As Harvard Hearings Continue, Yale Departments Unionize

UPDATED: March 9, 2017 at 2:39 p.m.

When Harvard students organized a unionization effort, they took an ambitious tack: form one union for all of the University's thousands of eligible graduate students and undergraduate teaching assistants.

As that singular effort, which formally began in 2015, has stalled in the face of vote count delays and now an National Labor Relations Board hearing that could decide its ultimate fate, a parallel effort at Yale has progressed through a more piecemeal approach. Union organizers at Yale instead opted to try and form nine individual departmental unions.

Even as Yale's unionization effort has yielded quicker results—graduate students in six departments there voted to form unions—some organizers at Harvard stand by their broader strategy.

Harvard union organizers explain their decision to try to form one larger union by asserting that students across different departments share similar employment conditions. But Yale organizers argue that individual departmental unions would let Local 33, the union that represents Yale graduate students, effectively serve its members.

[Read here for an in-depth explanation of Harvard's unionization effort]

“To me, the union experience is based about people coming together and voicing shared concerns,” Felix Owusu, a Harvard union organizer, said. “Those aren’t necessarily things that are going to differ because I study the criminal justice system and another friend studies the environment and another friend does cancer research.”

Owusu said the union would address issues of healthcare, pay, and harassment procedures, and that, from speaking to graduate students across departments, he thinks that they share similar concerns.

“Those are things that I felt that everybody could get behind and it would be kind of ridiculous in my mind if I formed a union to get these things but someone else who is doing the same work—teaching at Harvard university—forms another union,” he said.

Yale, on the other hand, attempted to organize what the NLRB calls “microunits”: smaller, departmental unions within the same company or organization. Yale students were able to unionize in microunits because of a NLRB decision in 2011 that allowed departments of organizations to form separate unions.

Yale graduate student and union organizer Aaron Greenberg said microunits are effective at Yale because students’ needs vary by department.

“Yale is organized into departments and so are graduate teachers,” he wrote in an email. “Voting department by department means that departments that want the union can have it, and those that don't, won't.”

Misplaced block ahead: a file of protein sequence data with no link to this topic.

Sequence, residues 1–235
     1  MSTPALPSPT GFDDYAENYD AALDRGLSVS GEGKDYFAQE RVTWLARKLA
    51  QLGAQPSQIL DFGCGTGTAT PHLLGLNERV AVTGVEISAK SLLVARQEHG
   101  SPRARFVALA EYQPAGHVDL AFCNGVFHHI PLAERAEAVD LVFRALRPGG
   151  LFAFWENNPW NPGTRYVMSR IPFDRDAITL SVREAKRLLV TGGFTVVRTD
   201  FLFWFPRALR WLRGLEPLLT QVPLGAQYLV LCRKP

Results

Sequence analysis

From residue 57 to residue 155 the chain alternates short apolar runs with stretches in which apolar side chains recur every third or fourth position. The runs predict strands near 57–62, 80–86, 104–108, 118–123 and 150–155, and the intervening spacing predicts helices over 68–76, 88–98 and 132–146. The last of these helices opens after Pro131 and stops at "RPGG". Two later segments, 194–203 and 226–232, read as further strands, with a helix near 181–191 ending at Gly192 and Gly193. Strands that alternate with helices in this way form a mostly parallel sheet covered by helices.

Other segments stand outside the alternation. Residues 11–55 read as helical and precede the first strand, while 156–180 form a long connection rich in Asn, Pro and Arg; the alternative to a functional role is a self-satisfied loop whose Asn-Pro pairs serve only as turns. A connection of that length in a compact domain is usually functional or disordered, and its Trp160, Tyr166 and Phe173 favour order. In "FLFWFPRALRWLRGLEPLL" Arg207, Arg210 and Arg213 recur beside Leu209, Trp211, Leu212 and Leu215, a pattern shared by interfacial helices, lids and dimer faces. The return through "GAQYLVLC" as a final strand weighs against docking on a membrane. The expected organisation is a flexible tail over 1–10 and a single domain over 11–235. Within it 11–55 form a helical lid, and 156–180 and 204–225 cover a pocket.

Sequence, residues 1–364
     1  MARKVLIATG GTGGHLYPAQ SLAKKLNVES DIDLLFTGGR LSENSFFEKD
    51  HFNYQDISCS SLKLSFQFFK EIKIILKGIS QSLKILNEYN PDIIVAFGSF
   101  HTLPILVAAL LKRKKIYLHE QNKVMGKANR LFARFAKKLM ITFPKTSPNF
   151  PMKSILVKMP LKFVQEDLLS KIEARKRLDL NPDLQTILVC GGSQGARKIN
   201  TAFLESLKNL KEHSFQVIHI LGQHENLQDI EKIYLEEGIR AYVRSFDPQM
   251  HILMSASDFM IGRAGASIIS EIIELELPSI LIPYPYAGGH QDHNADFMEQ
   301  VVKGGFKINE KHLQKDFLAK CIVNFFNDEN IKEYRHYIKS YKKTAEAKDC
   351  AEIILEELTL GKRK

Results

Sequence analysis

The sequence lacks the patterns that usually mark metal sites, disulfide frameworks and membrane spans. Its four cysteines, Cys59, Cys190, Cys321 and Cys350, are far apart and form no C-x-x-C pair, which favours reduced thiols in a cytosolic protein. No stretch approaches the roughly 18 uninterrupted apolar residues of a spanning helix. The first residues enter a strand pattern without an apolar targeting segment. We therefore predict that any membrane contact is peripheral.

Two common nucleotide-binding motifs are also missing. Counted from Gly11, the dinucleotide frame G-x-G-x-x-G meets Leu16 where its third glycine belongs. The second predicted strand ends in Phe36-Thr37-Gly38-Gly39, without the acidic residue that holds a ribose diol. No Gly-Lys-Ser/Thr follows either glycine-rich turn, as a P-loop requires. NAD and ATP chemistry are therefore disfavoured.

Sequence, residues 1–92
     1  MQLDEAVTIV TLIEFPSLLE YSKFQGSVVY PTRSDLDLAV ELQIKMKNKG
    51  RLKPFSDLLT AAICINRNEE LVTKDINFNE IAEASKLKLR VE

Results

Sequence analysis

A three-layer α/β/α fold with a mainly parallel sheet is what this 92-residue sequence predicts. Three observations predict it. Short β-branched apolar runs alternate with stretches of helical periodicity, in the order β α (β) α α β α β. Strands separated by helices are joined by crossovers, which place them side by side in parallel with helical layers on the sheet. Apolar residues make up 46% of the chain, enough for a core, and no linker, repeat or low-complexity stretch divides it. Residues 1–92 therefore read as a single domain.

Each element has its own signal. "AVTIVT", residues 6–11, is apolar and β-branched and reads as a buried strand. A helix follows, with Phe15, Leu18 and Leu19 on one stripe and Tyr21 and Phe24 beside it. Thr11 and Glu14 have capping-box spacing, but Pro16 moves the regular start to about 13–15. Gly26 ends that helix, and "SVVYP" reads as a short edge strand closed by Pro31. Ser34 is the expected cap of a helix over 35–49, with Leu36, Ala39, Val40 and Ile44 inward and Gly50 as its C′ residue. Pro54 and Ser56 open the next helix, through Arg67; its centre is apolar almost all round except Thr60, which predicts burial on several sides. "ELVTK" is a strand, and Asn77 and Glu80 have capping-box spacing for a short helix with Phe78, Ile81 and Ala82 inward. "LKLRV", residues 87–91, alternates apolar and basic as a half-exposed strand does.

Greenberg said Yale unions will address “issues of race and gender equity, job security, and mental health care” for students.

At Harvard, some graduate students have said that the popularity of unionization varies by discipline, with humanities students more vocally supporting the effort than students in STEM disciplines.

Of the nine Yale departments that held unionization elections, six voted to unionize. The results of the unionization election make Yale the second private university to unionize after August’s NLRB decision legalized graduate student unionization at private universities. Columbia graduate students also voted to form a union in a November election. Like at Harvard, Columbia organizers pursued one larger, unified union.

Bill Jaeger, director of the Harvard Union of Technical and Clerical Workers, said that microunits in certain departments can inspire workers in departments that are not yet unionized to form a collective bargaining unit.

“It wouldn’t be a theoretical conversation, it would be here’s what we’ve done in other departments,” he said.

Although six Yale departments voted to unionize, the fate of Harvard’s election remains unclear. The University and the Harvard Graduate Students Union-United Auto Workers are in the process of presenting evidence about objections filed by both parties to the November unionization election.

If the NLRB agrees with the union’s objections, it could call for a re-vote.

In the hearing, the two parties have also discussed whether challenged ballots— ballots from voters whose eligibility is disputed—should be counted. The remaining unresolved challenged ballots could determine the outcome of the election.

Amidst discussion about Harvard and Yale’s models of unionization, the results of Duke’s unionization effort, which also involved one large union, were inconclusive. Duke union organizers have since withdrawn their petition to unionize. Had they not done so, they, like Harvard, would have attended hearings at the NLRB to resolve challenged ballots and determine the outcome of the election.


—Staff writer Caroline S. Engelmayer can be reached at caroline.engelmayer@thecrimson.com. Follow her on Twitter @cengelmayer13.

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